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Serge PROKOFIEV (1891-1953)
Egyptian Nights - incidental music (first complete recording) (1934) [55:00]
Chulpan Chamatova; Jacob Küf (speakers)
Victor Sawaley (tenor)
Arutjun Kotchinian (bass)
Rundfunk Sinfonieorchester/Michail Jurowski
rec. Berlin-Dahlem, Jesus-Chrstus-Kirche Mar 2003, Jan-Feb 2004. DDD
CAPRICCIO 67 059 [55:00]

It is as if Michail Jurowski, CPO and Capriccio were working on a coordinated basis to traverse Prokofiev's incidental music. CPO are covering the ballets while Capriccio are handling the theatrical and cinema music. Capriccio have already issued CDs of the complete music for Alexander Nevsky (neither with Jurowski as it happens) but they have also recorded with that conductor Prokofiev's music for Hamlet and for Boris Godunov (Capriccio CD 67 058). Now here comes the complete music for Egyptian Nights (a Pushkin work that also inspired music by Arensky). The ballet is a rare visitor to the studio with only a couple of suites on offer (Polyansky on Chandos and Rozhdestvensky on Olympia if you could track it down).

Egyptian Nights was a ballet around a theatrical event which was a hybrid of Bernard Shaw's Caesar and Cleopatra and Shakespeare’s Anthony and Cleopatra as well as Pushkin's unfinished tale of the same name. I last hear this movement back in 1999 in a BBC Philharmonic Orchestra Manchester studio concert conducted by that arch-Russophile Edward Downes.

There are thirteen episodes here - ranging from the 43 second Drinking Song for bass voice and chorus (tr. 6) to the 7 minute 46 second Melodrama (tr. 5).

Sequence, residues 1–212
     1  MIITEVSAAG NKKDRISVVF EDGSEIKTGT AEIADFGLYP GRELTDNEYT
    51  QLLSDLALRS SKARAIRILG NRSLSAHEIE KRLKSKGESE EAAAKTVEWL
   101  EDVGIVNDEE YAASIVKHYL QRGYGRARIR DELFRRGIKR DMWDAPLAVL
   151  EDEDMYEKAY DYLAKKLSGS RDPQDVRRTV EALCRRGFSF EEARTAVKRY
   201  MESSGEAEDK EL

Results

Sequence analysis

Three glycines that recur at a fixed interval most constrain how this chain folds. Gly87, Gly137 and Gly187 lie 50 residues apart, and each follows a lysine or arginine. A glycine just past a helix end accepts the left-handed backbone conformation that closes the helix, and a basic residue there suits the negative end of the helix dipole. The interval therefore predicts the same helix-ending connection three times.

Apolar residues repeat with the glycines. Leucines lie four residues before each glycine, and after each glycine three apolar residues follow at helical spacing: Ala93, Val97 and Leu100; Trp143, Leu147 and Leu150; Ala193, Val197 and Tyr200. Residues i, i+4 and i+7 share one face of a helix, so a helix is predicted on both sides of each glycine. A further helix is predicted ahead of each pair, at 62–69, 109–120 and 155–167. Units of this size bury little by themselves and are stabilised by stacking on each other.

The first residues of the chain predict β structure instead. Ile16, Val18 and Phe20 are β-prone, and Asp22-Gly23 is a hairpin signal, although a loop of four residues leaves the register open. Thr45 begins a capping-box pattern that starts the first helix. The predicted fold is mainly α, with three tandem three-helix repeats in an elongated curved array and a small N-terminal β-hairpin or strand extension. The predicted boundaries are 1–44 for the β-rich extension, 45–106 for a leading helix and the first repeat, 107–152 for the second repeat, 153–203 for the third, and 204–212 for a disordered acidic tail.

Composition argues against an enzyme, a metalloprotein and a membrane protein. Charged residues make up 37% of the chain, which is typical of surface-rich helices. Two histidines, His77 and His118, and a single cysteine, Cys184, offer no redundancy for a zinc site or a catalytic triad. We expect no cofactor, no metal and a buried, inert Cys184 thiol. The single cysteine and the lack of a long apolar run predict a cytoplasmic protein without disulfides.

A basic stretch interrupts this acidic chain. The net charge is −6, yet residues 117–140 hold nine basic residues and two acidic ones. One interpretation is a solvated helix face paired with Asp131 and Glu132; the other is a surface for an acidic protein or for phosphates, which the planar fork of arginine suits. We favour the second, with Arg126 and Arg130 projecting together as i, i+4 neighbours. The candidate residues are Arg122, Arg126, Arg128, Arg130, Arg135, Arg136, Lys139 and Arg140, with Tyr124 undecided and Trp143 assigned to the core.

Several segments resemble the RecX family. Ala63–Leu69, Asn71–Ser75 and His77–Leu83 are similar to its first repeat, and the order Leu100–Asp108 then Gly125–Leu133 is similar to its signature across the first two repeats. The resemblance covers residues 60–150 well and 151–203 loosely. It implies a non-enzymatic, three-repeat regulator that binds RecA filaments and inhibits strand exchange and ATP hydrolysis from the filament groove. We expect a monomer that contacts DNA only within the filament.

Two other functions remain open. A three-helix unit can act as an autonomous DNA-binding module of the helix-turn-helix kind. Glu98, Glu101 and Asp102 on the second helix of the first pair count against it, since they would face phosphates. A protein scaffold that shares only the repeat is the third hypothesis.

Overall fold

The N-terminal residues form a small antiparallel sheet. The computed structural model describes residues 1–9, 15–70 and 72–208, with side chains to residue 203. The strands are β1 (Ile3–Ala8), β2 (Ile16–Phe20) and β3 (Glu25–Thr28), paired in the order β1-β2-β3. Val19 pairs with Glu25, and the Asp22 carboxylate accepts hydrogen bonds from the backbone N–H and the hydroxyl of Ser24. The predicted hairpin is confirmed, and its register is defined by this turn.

The music is strong on tension and atmosphere with spare rather than sumptuous textures. Everything is cleanly laid out and one of the hallmarks is the flute-led chatter of birdsong and the tensely tremulous bed of strings creating anticipation. The clarinet song at 5.09 sings out over a basso ostinato. The song is taken up by the violins in pre-echo of the treatment of a similar theme in Romeo and Juliet. Coarsely blown fanfares suggest the barbaric Egyptian court. There is a beautiful movement with the harp quietly pattering in an extraordinary evocation of ancient evenings - The Young Slaves Play. The mighty and merciless Romans are suggested by music of colossal weight and inhumanity - Prokofiev's equivalent of shock and awe. We hear more of the same in the thunder and insistent attack of the warlike Rome (trs. 8 and 11). There is plenty of work for tam-tam, percussion, brass - especially trombones and tuba. Victor Sawaley is the fearful voice of the eunuchs in tr. 9.

I am partial to melodrama and hearing Chulpan Chamatova speaking in Russian with such hooded threat and seductive promise over Prokofiev's magical score makes this a disc I will return to. Chulpan is also the orator on tracks 5 and 12 but Jacob Küf, also speaking in resonant Russian as Anthony on tr. 7, is also outstanding. I love the Chandos version of Eugene Onegin but the words are spoken there in English. Now if only that production could have been in the original Russian; better yet, how about a reissued of the extraordinary 1976 Melodiya set of 2 LPs where the music is conducted by Kemal Abdullayev (USSR Central TV and Radio Symphony Orchestra) and the actors are Konsovskii, Kibkalo and Milanovich.

The music works extremely well and Jurowski and his Berlin forces are sympathetic and idiomatic. Prokofiev's music works well except that Antony's Death seems rather matter of fact - careless almost. All is redeemed by the imploring, pained and yet still amorously inveigling voice of Cleopatra; Chamatova enters fully into the spirit of this production.

Intriguingly the music was conducted at the theatre by Nikolai Medtner's brother Alexander Karlovich Medtner (1877-1956).

As befits such a significant set the notes, in German and English, are thorough, highly detailed and scholarly.

All the words are given in English, German and French but irritatingly not in transliterated Russian; after all, the words are acted out in Russian.

This is a unique recording and is an essential purchase for any Prokofiev collector.

Rob Barnett

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